A real unique touch though is the two-piece alloy-steel combination receiver. Housing the familiar Benelli two-piece rotating bolt, on removal of the barrel the lower matte silver alloy section instantly parts company with the black steel upper which in turn means the bolt can be lifted clear with no effort, maintenance is easy and reassembly quick and idiot proof. Similarly, this slightly unusual design is more or less the transition stage between the standard style of receiver and Benelli’s revolutionary three piece Vinci. Designs aside, the bolt release sits in the usual place just below the ejection port, the bolt lock to the right front of the polymer trigger guard and the cross-bolt safety to the rear, so operationally its as traditional as any semi-auto comes.
Before we get into the Super Sport’s physical aspects its worth taking a moment to explain exactly what the Benelli ComforTec system actually is, recoil reducing techniques that personifies the fact that the best designs are usually the simplest. Initially the bolt extension or ‘rat’s tail’ travels on as near a ‘horizontal to the gun’ plane as is possible to achieve, the energy or inertia of the fired cartridge pushing the bolt and protrusion backwards against the spring situated within the stock which when compressed sends the bolt forward again, chambering the next round in the process. With no gas valves, vents, slides or forwardly located springs to dissipate and turn the fired cartridge’s energy into the cyclic process, this means all the recoil heads towards your shoulder. Enter ComforTec, a series of energy dissipating gel chevrons along with a gel comb and ergonomic recoil pad.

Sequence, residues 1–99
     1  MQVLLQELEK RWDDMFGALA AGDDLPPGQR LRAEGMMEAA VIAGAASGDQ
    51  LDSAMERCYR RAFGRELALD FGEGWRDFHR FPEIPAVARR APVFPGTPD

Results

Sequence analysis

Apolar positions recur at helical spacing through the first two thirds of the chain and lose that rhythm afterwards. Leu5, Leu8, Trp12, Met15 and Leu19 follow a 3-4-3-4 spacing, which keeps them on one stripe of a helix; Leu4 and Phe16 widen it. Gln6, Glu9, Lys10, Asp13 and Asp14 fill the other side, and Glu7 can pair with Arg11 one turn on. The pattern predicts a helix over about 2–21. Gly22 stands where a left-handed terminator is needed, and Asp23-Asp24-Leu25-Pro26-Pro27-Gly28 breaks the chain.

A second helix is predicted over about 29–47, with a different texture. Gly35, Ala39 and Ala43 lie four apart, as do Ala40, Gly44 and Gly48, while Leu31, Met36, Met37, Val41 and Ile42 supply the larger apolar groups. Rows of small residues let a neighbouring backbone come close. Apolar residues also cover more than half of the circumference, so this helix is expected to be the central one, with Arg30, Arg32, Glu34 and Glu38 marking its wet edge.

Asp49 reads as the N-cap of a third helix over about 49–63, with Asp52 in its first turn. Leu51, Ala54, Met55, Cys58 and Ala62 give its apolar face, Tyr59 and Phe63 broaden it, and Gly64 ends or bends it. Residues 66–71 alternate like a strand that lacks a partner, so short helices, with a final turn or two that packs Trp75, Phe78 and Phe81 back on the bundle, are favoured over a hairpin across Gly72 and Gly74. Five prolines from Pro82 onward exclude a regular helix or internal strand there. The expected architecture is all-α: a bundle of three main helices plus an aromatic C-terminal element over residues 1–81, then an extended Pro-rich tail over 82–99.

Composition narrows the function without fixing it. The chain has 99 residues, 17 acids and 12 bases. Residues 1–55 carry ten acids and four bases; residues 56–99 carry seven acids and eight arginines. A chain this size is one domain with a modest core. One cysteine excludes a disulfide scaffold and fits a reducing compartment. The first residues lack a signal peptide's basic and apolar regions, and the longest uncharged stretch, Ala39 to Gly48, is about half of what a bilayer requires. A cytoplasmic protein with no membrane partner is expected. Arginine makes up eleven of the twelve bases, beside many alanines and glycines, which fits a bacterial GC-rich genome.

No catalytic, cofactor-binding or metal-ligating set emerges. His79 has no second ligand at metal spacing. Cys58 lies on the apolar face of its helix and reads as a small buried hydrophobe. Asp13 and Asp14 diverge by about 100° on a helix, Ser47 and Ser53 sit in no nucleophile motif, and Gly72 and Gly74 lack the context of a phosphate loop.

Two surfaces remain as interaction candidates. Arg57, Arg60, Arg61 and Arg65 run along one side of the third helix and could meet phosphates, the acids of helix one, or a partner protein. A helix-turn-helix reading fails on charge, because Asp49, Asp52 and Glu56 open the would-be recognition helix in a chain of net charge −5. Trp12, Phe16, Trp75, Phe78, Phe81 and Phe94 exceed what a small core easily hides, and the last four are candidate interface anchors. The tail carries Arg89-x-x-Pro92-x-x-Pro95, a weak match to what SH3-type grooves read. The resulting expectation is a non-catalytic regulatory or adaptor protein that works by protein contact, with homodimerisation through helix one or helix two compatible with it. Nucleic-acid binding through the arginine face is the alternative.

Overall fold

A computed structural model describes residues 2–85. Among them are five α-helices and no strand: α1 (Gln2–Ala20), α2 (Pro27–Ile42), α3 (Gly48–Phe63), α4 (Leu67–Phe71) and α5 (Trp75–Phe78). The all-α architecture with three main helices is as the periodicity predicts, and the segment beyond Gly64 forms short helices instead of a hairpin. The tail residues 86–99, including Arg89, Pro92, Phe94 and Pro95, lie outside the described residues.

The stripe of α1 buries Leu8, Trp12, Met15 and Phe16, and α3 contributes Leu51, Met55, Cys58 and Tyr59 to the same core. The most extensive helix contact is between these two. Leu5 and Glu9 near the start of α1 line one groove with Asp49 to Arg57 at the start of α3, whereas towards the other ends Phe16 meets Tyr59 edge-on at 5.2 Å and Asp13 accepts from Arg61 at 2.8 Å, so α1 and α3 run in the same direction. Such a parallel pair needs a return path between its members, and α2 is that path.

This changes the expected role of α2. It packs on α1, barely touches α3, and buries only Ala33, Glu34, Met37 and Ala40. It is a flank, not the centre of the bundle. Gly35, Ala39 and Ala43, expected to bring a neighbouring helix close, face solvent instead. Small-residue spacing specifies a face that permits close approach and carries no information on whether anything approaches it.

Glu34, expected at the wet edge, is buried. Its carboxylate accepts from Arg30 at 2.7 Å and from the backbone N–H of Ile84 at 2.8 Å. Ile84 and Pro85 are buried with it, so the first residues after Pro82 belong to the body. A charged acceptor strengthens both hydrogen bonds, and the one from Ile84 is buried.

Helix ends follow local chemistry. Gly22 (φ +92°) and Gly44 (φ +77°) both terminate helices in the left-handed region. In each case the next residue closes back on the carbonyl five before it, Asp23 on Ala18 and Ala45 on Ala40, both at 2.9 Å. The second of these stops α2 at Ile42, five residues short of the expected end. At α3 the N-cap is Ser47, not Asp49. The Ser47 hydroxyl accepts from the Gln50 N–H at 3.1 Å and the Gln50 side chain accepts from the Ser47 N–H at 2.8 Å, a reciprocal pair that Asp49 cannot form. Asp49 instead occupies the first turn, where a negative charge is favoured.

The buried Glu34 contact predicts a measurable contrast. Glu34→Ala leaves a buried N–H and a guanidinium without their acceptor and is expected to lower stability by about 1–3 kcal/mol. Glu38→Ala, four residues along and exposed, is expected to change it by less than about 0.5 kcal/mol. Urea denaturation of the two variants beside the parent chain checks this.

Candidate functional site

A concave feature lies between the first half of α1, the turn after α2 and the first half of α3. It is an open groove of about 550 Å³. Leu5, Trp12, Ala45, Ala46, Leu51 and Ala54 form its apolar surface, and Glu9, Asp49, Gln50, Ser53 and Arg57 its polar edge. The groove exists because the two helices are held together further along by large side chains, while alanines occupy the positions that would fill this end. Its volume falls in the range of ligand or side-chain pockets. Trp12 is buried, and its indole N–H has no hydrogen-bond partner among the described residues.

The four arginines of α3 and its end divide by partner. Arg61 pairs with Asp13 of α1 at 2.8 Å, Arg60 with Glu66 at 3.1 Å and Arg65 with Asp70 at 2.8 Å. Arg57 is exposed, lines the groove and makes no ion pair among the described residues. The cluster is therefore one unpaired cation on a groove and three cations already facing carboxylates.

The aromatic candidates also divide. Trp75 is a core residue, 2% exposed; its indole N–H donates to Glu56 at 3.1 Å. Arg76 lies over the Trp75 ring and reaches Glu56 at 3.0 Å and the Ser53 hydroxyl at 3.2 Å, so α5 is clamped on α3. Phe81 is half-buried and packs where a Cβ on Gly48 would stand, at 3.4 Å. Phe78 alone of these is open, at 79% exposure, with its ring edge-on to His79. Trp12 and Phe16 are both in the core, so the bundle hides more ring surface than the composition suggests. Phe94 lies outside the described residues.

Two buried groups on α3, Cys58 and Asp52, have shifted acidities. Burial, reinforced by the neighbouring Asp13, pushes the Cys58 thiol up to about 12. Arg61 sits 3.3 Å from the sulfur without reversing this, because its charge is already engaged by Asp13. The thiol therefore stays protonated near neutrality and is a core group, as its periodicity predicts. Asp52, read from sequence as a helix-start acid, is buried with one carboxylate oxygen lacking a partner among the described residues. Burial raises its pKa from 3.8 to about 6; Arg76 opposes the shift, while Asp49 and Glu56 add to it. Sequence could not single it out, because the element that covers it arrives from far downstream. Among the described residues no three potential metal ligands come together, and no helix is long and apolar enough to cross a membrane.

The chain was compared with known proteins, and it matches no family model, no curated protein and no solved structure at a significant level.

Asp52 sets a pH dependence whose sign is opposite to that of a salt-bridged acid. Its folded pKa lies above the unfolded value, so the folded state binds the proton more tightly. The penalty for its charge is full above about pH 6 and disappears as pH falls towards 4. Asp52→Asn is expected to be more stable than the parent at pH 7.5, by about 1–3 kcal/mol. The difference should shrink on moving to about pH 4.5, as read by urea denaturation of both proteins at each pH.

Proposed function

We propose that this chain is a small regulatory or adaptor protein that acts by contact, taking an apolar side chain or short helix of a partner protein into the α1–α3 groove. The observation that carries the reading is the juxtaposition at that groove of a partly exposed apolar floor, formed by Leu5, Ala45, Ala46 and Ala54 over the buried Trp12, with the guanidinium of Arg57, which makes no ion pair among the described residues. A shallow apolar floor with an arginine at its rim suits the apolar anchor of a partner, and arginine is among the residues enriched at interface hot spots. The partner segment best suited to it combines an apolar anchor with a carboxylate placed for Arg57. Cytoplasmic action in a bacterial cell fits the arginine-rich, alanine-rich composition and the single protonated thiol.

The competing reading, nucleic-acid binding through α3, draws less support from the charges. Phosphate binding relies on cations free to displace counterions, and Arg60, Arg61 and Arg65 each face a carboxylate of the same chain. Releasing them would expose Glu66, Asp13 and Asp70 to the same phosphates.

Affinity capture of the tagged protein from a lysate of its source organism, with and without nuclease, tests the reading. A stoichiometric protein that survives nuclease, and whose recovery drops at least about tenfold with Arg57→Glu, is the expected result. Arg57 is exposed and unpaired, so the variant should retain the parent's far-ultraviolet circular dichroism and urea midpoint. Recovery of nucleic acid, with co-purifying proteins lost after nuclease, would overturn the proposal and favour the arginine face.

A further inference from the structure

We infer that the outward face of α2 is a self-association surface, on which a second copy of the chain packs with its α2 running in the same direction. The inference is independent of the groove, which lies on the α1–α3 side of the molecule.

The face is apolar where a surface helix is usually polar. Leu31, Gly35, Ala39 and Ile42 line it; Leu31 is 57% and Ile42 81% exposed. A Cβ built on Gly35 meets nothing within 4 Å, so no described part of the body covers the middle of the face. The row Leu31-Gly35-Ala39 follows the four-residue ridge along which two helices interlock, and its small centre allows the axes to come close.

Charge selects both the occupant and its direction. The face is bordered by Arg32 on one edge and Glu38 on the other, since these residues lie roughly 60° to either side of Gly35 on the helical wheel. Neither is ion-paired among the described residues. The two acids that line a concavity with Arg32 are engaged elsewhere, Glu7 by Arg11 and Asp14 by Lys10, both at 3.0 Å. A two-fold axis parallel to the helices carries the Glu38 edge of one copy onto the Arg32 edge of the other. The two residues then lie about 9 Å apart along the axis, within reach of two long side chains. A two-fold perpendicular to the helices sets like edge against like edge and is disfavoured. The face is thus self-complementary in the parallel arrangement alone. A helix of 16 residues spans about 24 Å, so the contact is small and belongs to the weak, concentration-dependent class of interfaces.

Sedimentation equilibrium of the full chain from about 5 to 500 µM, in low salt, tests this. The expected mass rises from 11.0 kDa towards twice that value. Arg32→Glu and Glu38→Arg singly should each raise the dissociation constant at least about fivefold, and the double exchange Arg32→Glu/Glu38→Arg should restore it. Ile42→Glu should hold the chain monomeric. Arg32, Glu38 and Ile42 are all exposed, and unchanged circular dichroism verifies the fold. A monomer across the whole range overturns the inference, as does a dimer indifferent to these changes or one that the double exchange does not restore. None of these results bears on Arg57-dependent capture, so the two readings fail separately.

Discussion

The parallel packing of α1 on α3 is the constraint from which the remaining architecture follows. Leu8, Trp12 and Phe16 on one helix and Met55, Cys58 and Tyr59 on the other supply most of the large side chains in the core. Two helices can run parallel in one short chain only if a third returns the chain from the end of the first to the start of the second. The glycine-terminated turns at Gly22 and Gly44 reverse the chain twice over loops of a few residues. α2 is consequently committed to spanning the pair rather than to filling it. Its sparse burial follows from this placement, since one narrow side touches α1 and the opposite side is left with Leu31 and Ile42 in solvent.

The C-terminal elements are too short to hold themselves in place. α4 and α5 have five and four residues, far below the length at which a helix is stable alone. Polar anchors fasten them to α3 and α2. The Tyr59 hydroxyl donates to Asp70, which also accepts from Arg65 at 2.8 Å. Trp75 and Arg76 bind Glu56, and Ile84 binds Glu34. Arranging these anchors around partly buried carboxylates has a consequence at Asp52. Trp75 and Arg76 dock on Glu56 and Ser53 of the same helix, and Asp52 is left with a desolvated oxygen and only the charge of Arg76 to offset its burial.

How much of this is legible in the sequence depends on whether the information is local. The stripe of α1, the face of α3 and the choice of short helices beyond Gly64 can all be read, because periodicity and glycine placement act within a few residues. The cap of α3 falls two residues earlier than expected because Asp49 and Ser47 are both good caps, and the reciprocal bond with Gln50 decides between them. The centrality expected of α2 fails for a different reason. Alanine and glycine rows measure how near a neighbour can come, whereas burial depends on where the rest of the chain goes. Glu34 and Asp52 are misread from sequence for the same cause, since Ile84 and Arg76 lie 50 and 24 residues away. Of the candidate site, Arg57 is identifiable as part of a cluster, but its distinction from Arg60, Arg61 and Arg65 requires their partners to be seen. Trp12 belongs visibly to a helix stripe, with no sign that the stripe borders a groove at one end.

Once sufficient energy has been utilised in the cyclic process the chevrons that run from the base of the pistol grip to the heel of the stock expand sideways when the remaining recoil energy reaches them so deflecting the bulk of the force away from the shooter. In turn the gel comb cushions the upward movement against the cheek, whilst the recoil pad deforms once again absorbing and distributing the last dregs of recoil. It all sounds somewhat unusual but take my word for it, in that it works extremely well, to a degree that all the Benellis that feature the ComforTec system are as soft, if not softer, to shoot than their gas driven equivalents. The fact that there’s no gas system also means the inertia Benellis are some of the slimmest, svelte and distinct single – barrelled shotguns on the market.